Cambodia

Tribunal Announces International Judges After Some Delay

Harmon will be placed as international co-investigating judge, with Beauvallet in reserve, the court said in a statement.

Cambodian military officials line up in front the top leaders of Khmer Rouge portraits, from right,  former Khmer Rouge Foreign Minister Ieng Sary, former Khmer Rouge head of state Khieu Samphan, and  former Deputy Secretary Nuon Chea, during the second dCambodian military officials line up in front the top leaders of Khmer Rouge portraits, from right, former Khmer Rouge Foreign Minister Ieng Sary, former Khmer Rouge head of state Khieu Samphan, and former Deputy Secretary Nuon Chea, during the second d
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Cambodian military officials line up in front the top leaders of Khmer Rouge portraits, from right,  former Khmer Rouge Foreign Minister Ieng Sary, former Khmer Rouge head of state Khieu Samphan, and  former Deputy Secretary Nuon Chea, during the second d
Cambodian military officials line up in front the top leaders of Khmer Rouge portraits, from right, former Khmer Rouge Foreign Minister Ieng Sary, former Khmer Rouge head of state Khieu Samphan, and former Deputy Secretary Nuon Chea, during the second d
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Sok KhemaraVOA Khmer
WASHINGTON DC - Mark Harmon, a US judge, and Olivier Beauvallet, a French judge, have been named to the UN-backed Khmer Rouge tribunal to the controversial office of investigating judges, the court announced Monday.

Harmon will be placed as international co-investigating judge, with Beauvallet in reserve, the court said in a statement.

Harmon comes in amid ongoing scandal at the office, which is supposed to be dealing with two cases that are opposed by the government, and amid a budget shortfall.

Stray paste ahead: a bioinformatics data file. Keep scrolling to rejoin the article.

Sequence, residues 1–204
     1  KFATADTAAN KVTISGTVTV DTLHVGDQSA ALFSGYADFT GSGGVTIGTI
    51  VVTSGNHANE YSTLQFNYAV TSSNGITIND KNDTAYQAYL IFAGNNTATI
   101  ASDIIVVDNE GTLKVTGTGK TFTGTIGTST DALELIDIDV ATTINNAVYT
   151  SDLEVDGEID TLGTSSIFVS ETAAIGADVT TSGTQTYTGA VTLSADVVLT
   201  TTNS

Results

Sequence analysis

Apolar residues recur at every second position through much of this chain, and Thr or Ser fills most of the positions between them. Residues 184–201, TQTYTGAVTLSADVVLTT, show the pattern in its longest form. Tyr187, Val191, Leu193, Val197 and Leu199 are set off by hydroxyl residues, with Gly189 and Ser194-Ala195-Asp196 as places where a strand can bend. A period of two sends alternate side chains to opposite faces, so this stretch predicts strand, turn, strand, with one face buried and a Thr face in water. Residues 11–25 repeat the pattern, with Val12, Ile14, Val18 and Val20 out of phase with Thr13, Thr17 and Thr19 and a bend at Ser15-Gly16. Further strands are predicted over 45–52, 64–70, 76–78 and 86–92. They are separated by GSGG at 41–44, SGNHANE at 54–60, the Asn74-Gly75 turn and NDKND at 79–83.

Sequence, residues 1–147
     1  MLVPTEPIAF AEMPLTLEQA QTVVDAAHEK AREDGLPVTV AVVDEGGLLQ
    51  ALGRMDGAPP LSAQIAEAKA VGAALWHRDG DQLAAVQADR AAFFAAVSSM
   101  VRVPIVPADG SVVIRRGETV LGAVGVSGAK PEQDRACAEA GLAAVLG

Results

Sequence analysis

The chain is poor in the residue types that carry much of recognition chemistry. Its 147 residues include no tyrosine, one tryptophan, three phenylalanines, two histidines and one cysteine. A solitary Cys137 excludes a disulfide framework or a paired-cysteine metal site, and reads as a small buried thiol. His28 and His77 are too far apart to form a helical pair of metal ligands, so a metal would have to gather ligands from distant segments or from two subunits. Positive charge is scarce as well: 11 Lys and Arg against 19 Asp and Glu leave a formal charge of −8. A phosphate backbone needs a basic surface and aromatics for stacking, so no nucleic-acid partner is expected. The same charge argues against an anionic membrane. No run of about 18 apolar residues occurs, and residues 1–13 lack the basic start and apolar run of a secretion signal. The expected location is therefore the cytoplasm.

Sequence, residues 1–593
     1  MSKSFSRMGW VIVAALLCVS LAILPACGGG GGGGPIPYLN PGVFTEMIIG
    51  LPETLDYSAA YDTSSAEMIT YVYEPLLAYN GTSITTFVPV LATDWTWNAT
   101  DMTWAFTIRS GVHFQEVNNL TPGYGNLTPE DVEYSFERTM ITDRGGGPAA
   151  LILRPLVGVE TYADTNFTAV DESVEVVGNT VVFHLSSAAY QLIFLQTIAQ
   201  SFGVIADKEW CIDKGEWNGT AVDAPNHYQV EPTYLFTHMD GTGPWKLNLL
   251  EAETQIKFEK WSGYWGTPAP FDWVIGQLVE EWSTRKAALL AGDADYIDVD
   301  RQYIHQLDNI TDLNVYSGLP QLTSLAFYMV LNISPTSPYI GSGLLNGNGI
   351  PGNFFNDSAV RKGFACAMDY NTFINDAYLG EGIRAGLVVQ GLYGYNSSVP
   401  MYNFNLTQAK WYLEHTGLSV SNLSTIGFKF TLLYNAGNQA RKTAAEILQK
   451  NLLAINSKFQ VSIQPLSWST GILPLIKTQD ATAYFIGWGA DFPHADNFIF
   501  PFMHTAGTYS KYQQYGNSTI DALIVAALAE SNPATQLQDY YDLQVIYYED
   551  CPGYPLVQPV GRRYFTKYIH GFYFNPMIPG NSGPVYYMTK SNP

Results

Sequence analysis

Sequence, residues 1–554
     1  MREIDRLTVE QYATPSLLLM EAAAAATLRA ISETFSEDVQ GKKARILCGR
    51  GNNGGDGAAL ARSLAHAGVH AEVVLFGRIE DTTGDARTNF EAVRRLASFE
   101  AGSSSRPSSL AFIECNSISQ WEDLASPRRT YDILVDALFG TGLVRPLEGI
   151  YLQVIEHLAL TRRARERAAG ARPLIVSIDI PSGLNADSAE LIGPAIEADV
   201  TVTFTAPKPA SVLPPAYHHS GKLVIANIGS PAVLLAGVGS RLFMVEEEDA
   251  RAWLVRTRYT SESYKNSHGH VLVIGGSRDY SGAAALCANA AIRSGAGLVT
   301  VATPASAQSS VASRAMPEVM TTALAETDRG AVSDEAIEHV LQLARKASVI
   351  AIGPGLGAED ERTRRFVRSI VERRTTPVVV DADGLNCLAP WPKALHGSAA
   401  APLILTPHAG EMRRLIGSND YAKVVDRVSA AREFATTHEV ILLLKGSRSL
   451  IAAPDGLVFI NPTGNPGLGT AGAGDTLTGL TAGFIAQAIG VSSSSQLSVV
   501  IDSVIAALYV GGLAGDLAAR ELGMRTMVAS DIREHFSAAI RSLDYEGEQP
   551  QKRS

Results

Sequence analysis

The office has seen the resignations of two international judges who said they could not do their jobs there, as well as a massive walkout of international staff last year.

“The United Nations is in the process of making the necessary arrangements for Mr. Harmon’s deployment to Phnom Penh,” the court said. “His deployment will enable the [tribunal] to continue the critical task of pursuing accountability for the crimes committed during the period of the Khmer Rouge regime.”

The office of investigating judges still has cases 003 and 004 to consider. Those cases would require five more indictments and arrests and have divided the office in the past.

Clair Duffy, a tribunal monitor for the Open Society Justice Initiative, welcomed the appointments but expressed some concerns over the court. There remain staffing shortages in the office of investigating judges, and now a freeze on hiring international staff has been announced, due to budget, she said.

“We are still not sure how this will impact [Harmon’s] ability to staff his office,” she said. “This is of course very important to what judge Harmon will have to do.”

Credible investigations have yet to be undertaken in cases 003 and 004, she said.

There have not been fixed dates for the judges’ arrivals, tribunal spokesman Lars Olsen said, “but we hope it’s going to be as soon as possible.”
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